HomeBusinessAirlines Got $50 Billion In Pandemic Relief – But Still Fucking Americans

Airlines Got $50 Billion In Pandemic Relief – But Still Fucking Americans

If you’ve flown recently, or attempted to, it could have gone something like this: Your 1pm flight became a 5pm flight became a midnight flight before being summarily cancelled. No explanation is given. The next flights are already sold out, but they have a central seat with two stops departing next week if that still works for you.

We put up with the airlines so much. Airplane food is now limited to crackers and a glass of soda. We pay exorbitant sums to check luggage. Only certain people can take hand luggage on the plane. We pay to choose our seat. A seat, by the way, designed for someone who is 4’8″ and weighs 95 pounds. They tortured us in various ways.

We took care of it because they got us from point A to point B quickly and safely. Sometimes it was even cheap. We agreed to the continued downgrading of service because they had something we wanted that only they could provide. But the airlines are not keeping their end of the bargain. We miss meetings, events, family time and more because they just can’t pull themselves together.

According to FlightAware, a website that tracks flight cancellations and delays, there were 1,629 delays and 631 cancellations “within, to or from the United States” on Sunday alone. It was only at noon. Cancellations and delays become more likely as the day progresses.

Why do these frequent delays occur? Airlines cite post-pandemic demand as high. That’s probably true, but people enthusiastically book seats on flights that would only exist so they wouldn’t exist at the time of travel. It’s not the demand’s fault.

Des Moines International Airport
Airlines have continued to require their employees to be vaccinated in order to work.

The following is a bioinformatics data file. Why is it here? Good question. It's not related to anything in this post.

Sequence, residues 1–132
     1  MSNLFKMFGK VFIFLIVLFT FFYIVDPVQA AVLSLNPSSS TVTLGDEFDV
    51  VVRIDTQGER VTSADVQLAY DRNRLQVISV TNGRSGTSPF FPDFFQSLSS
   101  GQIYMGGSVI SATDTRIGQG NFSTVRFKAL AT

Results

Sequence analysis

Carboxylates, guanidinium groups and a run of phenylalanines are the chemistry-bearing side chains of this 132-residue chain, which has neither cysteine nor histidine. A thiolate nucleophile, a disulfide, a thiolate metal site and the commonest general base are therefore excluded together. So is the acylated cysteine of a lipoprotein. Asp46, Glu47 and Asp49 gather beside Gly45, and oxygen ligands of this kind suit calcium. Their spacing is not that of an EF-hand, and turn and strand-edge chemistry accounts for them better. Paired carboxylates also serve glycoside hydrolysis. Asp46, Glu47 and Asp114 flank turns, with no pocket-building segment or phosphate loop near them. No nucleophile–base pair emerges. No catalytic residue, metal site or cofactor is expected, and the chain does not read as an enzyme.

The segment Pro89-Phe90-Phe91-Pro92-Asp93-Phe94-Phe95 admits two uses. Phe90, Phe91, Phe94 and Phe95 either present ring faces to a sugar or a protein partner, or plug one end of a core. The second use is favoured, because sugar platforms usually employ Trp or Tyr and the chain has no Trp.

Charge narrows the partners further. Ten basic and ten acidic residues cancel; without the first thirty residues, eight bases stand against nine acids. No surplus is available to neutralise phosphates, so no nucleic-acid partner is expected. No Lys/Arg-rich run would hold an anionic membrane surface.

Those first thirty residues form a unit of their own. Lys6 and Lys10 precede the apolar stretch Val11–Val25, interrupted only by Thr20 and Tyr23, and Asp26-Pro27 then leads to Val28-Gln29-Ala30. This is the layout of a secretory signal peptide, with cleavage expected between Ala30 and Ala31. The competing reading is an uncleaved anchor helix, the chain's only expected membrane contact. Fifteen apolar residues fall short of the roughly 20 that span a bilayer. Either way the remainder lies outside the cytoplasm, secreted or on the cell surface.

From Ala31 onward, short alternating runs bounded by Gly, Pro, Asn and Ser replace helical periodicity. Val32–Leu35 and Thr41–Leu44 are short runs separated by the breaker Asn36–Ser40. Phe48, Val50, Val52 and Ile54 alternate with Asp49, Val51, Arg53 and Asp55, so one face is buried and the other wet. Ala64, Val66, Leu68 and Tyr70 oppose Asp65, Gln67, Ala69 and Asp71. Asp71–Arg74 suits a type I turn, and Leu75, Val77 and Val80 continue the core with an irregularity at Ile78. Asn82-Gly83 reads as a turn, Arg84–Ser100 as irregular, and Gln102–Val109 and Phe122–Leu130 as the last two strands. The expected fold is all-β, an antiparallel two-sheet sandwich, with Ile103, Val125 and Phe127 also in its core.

AP/Charlie Neibergall

Airlines have an abundance of other reasons. They blame “understaffing at the Federal Aviation Administration”. They point to “weather” or “unexpected staff absences”.

Then there is the shortage of pilots. Why would there be a shortage of pilots, the average flier shouts into the void. In one of the dumbest moves possible, pilots have been encouraged to retire early to avoid being laid off during the pandemic.

But this is exactly where the poor performance of the airlines becomes more important than just a company that does not provide quality service to the customer. Over the past two years, airlines have received more than $50 billion in pandemic relief funds. Our money. Congress tried to demand answers about how that money was spent, but like all their other boondoggles, they couldn’t come up with clear answers.

This money was intended to preserve jobs and save an industry. The pilots, quite important to the whole flight, should never have been encouraged to leave the job. Instead, the industry is in disarray, staff have been laid off anyway, and the money is gone.

Some airlines have continued to require their employees to receive the COVID-19 vaccine until 2022 despite the jobs crisis. Any employee with a vaccine exemption was put on paid leave, which appears to be a poor use of taxpayers’ money, until the airlines finally relented. Anyone who didn’t have an exemption was fired. It made no sense, and we’re all paying for it now.

Transportation Secretary Pete Buttigieg had his own flight canceled recently and was forced to drive from Washington to New York. Now he says his ministry can force airlines to hire more staff. That might work for some roles, but pilots aren’t, ahem, transportation secretaries. They must have experience and know what they are doing. Buttigieg had no transportation experience before being cast in this role. A pilot can’t pretend the same way until he does.

Perhaps the real lesson here is that the feds should stop handing out free money with no strings attached, even in times of crisis. Hopefully every elected official whose flight is delayed two hours, six hours or ultimately canceled remembers that they gave this industry the money to treat us like this. And then let’s hope they don’t do it again.

Twitter: @karol

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